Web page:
Divergent synthesis of bicyclic medium-sized ring structures
National University of Singapore chemists have discovered catalyst-controlled divergent reactions to synthesize three different classes of medium-sized bicyclic compounds from the same starting materials for the development of therapeutic drug molecules.
Medium-sized ring-containing natural products have been exploited by nature to address various challenging biological targets. However, synthetic compounds of this type are rarely utilized in drug discovery, largely due to the lack of reliable synthesis methods. Intermolecular higher-order cycloaddition, in which two starting materials are 'stitched' together at both ends, provides great potential to build complex cyclic compounds from simple building blocks. Unfortunately, such transformations to prepare medium-sized rings are often plagued with competitive reaction pathways and low levels of site- and stereo-selectivity. Methods to realize precise control for the synthesis of this class of compounds represent an unsolved challenge in organic chemistry.
A research team led by Prof Zhao Yu, from the Department of Chemistry, NUS has taken this challenge in the past few years and achieved a few highly efficient preparations of different 9-10-membered heterocycles. Key to their success is the continuous effort to identify novel and suitable cross partners that can undergo efficient cycloaddition to selectively prepare medium-sized rings (in preference to the smaller ring analogs). Recently, they came up with an intriguing catalytic system to prepare new bicyclic compounds (shown in figure below). The most significant aspect of this chemistry was that not one, but three different classes of bicyclic medium-sized ring compounds were obtained with high efficiency and stereo-selectivity from the same set of starting molecules. The choice of different ligands for the palladium catalytic system was the determining factor for such switch of reactivities. Mechanistic studies and density functional theory calculations also provided a comprehensive picture on how these reactions work and where the selectivity stems from.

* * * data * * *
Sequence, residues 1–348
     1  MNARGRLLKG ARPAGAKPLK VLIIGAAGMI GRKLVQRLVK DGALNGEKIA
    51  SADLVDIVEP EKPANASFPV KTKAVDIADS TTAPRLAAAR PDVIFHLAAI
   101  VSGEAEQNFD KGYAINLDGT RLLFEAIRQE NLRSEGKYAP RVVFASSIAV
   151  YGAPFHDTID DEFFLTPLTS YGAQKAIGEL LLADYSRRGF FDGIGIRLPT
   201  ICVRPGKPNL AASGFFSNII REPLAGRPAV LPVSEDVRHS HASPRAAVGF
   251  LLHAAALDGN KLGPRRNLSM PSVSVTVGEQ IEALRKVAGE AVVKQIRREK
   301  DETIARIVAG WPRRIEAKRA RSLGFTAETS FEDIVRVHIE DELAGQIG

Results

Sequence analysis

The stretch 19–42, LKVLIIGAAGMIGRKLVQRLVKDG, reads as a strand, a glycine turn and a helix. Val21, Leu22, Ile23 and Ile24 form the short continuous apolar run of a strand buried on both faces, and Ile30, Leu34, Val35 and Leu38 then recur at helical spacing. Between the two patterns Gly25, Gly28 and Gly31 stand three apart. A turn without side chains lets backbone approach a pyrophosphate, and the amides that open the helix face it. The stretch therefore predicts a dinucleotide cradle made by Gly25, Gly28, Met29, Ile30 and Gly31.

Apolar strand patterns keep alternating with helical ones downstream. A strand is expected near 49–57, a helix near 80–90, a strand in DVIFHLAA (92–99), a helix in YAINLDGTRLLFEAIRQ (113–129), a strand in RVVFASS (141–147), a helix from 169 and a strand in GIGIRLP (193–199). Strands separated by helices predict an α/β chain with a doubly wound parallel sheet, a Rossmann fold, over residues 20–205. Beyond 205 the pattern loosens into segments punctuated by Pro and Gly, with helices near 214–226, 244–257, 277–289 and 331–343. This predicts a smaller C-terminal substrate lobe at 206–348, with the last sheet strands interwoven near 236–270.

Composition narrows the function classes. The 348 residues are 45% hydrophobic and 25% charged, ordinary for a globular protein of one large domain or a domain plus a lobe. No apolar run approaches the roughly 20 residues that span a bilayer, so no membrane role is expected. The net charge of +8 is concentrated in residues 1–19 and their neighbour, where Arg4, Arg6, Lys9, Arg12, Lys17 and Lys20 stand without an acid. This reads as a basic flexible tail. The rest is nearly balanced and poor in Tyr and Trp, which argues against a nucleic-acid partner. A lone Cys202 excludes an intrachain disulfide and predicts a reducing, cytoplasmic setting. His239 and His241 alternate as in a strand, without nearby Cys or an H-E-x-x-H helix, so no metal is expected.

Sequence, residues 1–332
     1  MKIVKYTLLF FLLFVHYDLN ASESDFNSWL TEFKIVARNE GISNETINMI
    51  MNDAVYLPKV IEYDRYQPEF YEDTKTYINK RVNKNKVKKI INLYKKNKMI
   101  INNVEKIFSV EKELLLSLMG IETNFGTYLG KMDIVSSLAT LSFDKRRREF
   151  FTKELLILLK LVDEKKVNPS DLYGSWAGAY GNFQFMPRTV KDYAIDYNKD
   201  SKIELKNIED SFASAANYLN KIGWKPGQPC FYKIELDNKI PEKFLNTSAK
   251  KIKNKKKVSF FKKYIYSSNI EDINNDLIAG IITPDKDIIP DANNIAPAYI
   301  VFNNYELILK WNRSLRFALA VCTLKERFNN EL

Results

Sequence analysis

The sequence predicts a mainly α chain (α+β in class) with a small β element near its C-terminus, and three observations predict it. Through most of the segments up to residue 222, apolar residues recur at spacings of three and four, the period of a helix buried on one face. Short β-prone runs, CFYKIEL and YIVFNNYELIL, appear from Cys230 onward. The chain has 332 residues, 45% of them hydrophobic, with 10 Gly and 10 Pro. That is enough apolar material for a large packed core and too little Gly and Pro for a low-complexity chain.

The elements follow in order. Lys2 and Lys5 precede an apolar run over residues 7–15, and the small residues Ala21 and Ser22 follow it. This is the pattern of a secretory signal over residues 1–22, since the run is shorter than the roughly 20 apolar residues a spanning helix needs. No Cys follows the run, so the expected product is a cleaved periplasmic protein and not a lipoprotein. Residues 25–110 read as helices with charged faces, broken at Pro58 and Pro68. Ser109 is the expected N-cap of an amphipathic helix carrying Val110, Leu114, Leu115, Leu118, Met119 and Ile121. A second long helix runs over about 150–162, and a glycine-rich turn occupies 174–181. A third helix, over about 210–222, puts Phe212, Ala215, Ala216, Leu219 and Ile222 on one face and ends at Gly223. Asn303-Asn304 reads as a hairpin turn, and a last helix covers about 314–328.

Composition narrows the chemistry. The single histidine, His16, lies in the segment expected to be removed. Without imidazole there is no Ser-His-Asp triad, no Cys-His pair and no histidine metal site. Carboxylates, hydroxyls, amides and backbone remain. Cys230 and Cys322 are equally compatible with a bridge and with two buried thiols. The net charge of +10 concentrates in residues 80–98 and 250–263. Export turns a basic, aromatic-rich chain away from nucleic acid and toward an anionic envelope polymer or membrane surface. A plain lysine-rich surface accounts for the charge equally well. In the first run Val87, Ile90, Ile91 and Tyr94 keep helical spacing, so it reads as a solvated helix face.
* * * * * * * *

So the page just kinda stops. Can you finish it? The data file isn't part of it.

Prof Zhao said, "The initial research plan was to develop a catalyst which would allow for the selective formation of one class of bicyclic medium-sized ring compounds that was never accessed before, so it would represent a new chemical space for drug discovery. However, in the course of our work, we found that by switching the reaction conditions, three skeletally different medium-sized bicyclic compounds with high conversion ratios could be obtained. Such divergent syntheses with high efficiency will greatly enhance chemists' ability to access new chemical space for delivering a larger library of potential drug candidates."